Energy Drinks

Topics: Caffeine, Energy drink, Guarana Pages: 3 (962 words) Published: March 28, 2013
Energy drinks should be regulated due to the fact that they cause health problems and the consumer is not aware because there are minimal, if any, labels. They claim to have some nutritional value in them said to give a “quick burst of energy.” In today’s market, there are so many different types of energy drinks that teenagers consume like Monster and Red Bull. Within these drinks there are numerous ingredients that may lead to some health risks. It has been requested from the Food and Drug Administration to regulate these energy drinks by enforcing stricter labeling methods of the ingredients and possible side effects (Farley 1). Since consumers do not know what they are consuming monthly, or even daily, they later face health problems like caffeine intoxication, which may lead to an increase in heart rate and blood pressure (Farley 1).

Energy drinks are composed of several different ingredients, but the main ones are B-vitamins, guarana, taurine and caffeine. The B vitamin, a ready source of energy, is added to the energy drinks to make up for a dietary deficiency. Guarana comes from the seeds of the guarana plant whose seeds contain high levels of caffeine. Guarana can contain “three to four times the amount of caffeine as coffee beans” (Sabbah 1). Taurine, an amino acid that the body produces naturally, is responsible for regulating your heart beat, muscle contractions and energy levels. When all of these ingredients are lavished, it causes great harm to the body and consumers need to know this.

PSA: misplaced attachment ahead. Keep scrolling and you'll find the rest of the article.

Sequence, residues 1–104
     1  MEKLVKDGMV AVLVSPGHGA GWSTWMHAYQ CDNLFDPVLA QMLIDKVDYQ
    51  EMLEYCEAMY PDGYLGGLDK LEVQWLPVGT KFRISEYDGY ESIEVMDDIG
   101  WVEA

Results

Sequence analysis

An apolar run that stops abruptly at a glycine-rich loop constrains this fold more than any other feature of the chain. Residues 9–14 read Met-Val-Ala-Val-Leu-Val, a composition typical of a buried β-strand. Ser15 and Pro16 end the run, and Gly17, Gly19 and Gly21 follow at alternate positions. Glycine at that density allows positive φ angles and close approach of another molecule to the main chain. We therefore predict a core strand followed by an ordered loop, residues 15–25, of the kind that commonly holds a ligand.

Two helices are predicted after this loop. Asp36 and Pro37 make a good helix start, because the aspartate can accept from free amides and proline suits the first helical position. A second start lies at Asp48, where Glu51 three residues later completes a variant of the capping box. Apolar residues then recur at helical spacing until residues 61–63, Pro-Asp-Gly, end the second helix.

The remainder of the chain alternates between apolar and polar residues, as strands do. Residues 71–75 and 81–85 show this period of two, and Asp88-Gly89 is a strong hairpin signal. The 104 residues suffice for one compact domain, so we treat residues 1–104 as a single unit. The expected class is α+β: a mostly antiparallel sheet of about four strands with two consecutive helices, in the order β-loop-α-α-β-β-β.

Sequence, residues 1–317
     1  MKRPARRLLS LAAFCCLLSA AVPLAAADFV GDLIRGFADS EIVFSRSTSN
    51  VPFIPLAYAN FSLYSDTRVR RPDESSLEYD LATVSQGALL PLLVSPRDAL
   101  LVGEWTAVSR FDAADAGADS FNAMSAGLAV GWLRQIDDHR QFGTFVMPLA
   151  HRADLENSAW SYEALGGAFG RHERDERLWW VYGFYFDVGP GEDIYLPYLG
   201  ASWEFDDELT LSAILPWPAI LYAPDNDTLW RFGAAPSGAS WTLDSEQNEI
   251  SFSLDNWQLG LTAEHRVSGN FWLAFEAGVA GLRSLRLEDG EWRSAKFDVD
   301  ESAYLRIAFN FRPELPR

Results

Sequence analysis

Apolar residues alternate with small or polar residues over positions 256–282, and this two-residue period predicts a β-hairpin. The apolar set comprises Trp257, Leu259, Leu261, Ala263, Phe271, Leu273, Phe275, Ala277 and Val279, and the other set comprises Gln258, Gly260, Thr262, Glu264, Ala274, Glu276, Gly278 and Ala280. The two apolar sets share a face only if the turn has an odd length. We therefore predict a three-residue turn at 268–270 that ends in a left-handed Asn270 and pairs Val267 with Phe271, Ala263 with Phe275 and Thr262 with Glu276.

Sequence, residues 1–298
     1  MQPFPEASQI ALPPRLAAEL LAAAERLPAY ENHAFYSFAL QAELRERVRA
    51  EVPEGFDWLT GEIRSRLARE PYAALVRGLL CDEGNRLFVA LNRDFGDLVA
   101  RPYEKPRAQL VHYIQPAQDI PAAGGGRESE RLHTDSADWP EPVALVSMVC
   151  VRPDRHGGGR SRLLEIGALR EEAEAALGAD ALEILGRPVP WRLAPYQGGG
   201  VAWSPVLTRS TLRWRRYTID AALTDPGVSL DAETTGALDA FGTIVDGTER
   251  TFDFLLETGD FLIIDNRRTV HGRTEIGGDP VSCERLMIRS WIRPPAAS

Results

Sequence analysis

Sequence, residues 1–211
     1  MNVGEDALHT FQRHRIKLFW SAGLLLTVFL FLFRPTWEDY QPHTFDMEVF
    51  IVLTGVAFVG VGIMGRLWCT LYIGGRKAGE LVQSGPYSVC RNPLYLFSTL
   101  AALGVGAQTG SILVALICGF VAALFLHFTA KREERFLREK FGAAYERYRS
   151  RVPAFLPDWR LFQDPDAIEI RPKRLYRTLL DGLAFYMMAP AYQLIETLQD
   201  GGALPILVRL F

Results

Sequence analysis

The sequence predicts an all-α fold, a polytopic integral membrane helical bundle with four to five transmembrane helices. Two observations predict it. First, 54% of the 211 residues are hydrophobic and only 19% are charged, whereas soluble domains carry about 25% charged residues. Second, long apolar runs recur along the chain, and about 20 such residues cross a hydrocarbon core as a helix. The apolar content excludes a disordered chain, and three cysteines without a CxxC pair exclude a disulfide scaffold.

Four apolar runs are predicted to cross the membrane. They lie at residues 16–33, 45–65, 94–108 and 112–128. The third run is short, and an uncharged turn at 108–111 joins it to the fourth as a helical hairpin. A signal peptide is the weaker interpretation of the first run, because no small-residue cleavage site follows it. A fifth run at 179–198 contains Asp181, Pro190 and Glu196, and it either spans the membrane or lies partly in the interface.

Few energy drinks include warnings about the possible health risks they might contain like caffeine intoxication. It can raise heart rate and blood pressure while dehydrating the body. When there is an excess of caffeine intake, an individual may notice disrupted sleep, dehydration, kidney damage, and high blood pressure (Sabbah 1). In addition to the overwhelming amount of caffeine in these drinks comes an absurd amount of sugar. An eight -ounce...

Cited: Farley, Kate. “Energy Drinks May Pose a Health Risk.” The Dartmouth; 13 January 2009: p1-2. Access World News. Web. 1 February 2013.
Sabbah, Jessica. “Experts Say Energy Drinks Need Regulation with Increased Consumption.” The Northern Star; 13 April 2009: p1-2. Access World News. Web. 1 February 2013.
Seifert, Sara M., Schaechter, Judith L., Hershorin, Eugene R., Lipschultz, Steven E. “Health Effects of Energy Drinks on Children, Adolescents, and Young Adults.” Pediatrics; March 2011: p511-528, Academic Search Complete. Web. 1 February 2013.
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